Concept cars are endlessly frustrating. Often jaw-dropping in design, they embody the formidable creative potential of companies operating in one of the most competitive industries in the world.

Invariably, however, the years-long transition from motor-show plinth to dealership car park causes their most exotic edges to be knocked off as the realities of safety legislation, supply-chain economics, takt-time travails and so on bite hard.

All of which makes the new LC500 an unusually exciting prospect. It is, give or take, indistinguishable from the LF-LC concept whose rakish profile dropped jaws at the 2012 Detroit motor show and whose popularity convinced the suits at Lexus headquarters in Nagoya to go ahead with a production version.

As such, it dramatically continues the brand’s determined efforts to shake off traces of the staid design language exemplified by its former flagship (£343,000 LFA supercar notwithstanding), the thoroughly uninspiring SC430.

Razor sharp but well rounded, understated but confident, the front-engined, rear-driven LC is how modern Lexus wants to be perceived.     

To help its cause, Lexus has fitted the LC500 with a naturally aspirated engine in the mould of the howling V10 in the 202mph LFA.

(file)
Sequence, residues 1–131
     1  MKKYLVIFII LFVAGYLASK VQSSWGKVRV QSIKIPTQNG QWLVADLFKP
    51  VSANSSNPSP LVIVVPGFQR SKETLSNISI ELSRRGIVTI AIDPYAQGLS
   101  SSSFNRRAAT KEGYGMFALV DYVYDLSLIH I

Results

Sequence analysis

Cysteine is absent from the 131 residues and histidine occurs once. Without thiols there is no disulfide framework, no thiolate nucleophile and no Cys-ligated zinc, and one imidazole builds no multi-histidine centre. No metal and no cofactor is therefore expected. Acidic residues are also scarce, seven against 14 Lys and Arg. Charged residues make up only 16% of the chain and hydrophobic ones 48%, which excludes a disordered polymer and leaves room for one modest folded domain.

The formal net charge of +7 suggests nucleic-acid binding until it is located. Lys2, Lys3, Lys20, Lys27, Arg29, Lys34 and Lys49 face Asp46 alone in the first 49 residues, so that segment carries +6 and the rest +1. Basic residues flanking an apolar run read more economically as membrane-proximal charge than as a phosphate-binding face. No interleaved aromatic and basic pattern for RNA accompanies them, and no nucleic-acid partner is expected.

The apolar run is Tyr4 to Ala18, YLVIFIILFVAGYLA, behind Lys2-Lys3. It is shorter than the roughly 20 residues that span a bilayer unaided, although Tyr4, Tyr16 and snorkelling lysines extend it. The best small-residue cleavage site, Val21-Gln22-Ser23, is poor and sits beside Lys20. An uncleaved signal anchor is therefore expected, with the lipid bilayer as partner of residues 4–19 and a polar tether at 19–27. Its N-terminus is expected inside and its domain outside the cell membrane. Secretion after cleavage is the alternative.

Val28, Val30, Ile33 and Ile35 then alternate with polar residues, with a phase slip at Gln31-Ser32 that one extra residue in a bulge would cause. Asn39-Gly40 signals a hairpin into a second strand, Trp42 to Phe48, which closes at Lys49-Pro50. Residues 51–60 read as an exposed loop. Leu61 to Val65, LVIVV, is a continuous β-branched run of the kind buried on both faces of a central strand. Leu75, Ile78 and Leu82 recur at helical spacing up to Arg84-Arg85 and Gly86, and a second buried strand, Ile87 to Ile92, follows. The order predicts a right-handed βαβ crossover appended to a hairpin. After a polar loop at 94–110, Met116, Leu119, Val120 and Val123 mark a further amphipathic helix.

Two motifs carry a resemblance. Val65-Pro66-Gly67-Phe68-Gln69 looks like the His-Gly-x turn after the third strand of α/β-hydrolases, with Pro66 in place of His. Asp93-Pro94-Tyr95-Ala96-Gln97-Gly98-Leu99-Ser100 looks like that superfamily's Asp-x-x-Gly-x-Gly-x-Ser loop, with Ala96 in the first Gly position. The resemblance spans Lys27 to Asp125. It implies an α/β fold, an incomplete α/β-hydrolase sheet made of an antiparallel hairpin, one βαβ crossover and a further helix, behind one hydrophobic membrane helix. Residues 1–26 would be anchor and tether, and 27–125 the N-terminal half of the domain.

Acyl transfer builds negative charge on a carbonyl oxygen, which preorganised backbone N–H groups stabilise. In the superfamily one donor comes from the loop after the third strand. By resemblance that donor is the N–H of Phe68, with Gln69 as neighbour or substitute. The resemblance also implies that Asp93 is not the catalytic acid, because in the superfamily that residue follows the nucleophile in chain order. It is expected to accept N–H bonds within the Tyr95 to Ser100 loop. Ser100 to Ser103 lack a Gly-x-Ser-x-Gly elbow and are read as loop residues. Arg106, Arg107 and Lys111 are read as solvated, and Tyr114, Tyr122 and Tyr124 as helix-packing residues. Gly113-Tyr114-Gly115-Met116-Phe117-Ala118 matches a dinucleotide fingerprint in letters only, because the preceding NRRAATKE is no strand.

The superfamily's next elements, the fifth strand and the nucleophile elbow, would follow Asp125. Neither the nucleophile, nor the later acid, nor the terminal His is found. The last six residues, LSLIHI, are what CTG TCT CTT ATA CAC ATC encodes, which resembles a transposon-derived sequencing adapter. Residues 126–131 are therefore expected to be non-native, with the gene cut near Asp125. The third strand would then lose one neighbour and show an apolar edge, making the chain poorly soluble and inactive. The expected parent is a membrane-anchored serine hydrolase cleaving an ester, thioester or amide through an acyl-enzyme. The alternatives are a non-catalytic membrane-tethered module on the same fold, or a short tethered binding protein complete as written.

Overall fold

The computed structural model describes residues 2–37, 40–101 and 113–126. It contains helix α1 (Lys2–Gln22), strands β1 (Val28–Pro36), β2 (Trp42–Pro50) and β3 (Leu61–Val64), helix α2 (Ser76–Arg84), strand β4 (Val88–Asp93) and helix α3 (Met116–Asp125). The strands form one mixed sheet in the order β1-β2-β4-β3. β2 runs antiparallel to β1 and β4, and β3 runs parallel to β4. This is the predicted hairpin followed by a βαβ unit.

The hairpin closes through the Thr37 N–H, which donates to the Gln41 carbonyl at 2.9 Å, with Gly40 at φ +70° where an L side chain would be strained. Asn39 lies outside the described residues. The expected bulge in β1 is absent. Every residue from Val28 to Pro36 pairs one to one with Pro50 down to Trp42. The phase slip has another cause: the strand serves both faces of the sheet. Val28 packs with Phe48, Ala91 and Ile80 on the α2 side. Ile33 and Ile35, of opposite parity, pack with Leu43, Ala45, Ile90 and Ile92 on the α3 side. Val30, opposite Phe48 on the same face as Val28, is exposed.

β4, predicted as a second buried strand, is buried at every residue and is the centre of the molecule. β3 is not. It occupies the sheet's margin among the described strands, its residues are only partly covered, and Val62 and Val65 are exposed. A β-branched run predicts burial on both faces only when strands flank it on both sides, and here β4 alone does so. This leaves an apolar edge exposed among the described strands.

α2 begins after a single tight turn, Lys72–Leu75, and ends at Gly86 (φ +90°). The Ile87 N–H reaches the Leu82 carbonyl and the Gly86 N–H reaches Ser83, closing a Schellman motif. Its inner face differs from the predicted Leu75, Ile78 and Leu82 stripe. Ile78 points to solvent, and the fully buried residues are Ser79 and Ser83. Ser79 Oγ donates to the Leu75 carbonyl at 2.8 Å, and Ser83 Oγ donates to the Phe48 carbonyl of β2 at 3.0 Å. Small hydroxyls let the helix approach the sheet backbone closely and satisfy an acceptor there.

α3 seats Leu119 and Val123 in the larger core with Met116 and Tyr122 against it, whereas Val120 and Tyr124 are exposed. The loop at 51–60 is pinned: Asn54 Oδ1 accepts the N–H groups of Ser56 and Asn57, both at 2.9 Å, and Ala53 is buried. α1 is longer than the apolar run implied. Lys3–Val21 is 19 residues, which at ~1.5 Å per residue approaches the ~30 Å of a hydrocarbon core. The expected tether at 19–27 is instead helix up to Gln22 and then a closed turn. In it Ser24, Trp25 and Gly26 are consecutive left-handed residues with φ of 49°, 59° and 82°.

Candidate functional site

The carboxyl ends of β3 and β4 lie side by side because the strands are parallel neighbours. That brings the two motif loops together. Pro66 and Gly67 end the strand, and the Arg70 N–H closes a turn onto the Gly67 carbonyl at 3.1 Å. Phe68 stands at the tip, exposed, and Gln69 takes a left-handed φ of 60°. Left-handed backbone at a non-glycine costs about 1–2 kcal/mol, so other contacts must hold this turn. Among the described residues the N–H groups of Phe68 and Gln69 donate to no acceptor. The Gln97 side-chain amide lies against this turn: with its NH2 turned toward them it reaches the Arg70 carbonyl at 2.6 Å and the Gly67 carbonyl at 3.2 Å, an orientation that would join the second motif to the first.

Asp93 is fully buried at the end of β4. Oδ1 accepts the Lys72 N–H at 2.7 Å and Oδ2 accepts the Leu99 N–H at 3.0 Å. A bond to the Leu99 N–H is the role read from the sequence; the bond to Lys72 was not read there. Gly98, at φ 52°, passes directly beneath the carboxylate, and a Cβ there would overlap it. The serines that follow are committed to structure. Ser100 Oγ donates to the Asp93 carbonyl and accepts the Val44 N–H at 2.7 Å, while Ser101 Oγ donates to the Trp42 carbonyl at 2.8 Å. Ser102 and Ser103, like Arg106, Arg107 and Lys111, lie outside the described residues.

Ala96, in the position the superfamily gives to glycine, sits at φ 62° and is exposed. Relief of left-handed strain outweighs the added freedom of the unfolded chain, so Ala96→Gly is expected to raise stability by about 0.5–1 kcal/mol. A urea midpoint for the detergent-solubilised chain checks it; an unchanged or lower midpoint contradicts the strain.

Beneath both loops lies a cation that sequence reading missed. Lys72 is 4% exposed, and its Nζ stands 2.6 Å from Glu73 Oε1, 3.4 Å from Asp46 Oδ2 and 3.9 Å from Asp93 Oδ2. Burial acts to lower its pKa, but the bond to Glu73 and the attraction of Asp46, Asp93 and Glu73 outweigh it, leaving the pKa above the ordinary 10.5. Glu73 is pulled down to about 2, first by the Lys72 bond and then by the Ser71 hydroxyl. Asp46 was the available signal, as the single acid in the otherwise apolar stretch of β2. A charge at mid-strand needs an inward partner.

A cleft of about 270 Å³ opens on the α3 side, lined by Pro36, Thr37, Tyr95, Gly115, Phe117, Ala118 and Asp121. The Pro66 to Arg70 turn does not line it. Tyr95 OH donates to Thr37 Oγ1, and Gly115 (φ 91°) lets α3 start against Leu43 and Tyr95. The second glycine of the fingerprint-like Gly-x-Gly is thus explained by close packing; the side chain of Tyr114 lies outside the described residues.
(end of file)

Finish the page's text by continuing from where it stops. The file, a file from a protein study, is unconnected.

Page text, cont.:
The newcomer trades a couple of cylinders with its carbon-wrought forebear for slightly greater cubic capacity, and although its 5.0-litre V8 doesn’t quite spin to 9000rpm, you get to experience its feverish, wailing delivery for an outlay of just £76,595.

Considering the quality of the car’s design and build, that is a modest price, but it also lands this GT-cum-sports-car in a dogfight with everything from the Porsche 911 to the Maserati GranTurismo.

The LC500 is an ambitious project, then. It’s certain to land conquest sales on the appeal of its design alone, but the real challenge for Lexus is to back that up by matching the dynamic versatility of rivals from companies who have been in this game for far longer. (Remember, Toyota’s luxury subsidiary has been in existence for only 28 years.)

Whether it has achieved that – and it would be some feat – will determine whether this is a car to be taken seriously by those who buy a car for the driving experience it offers, and not just its kerbside appeal.

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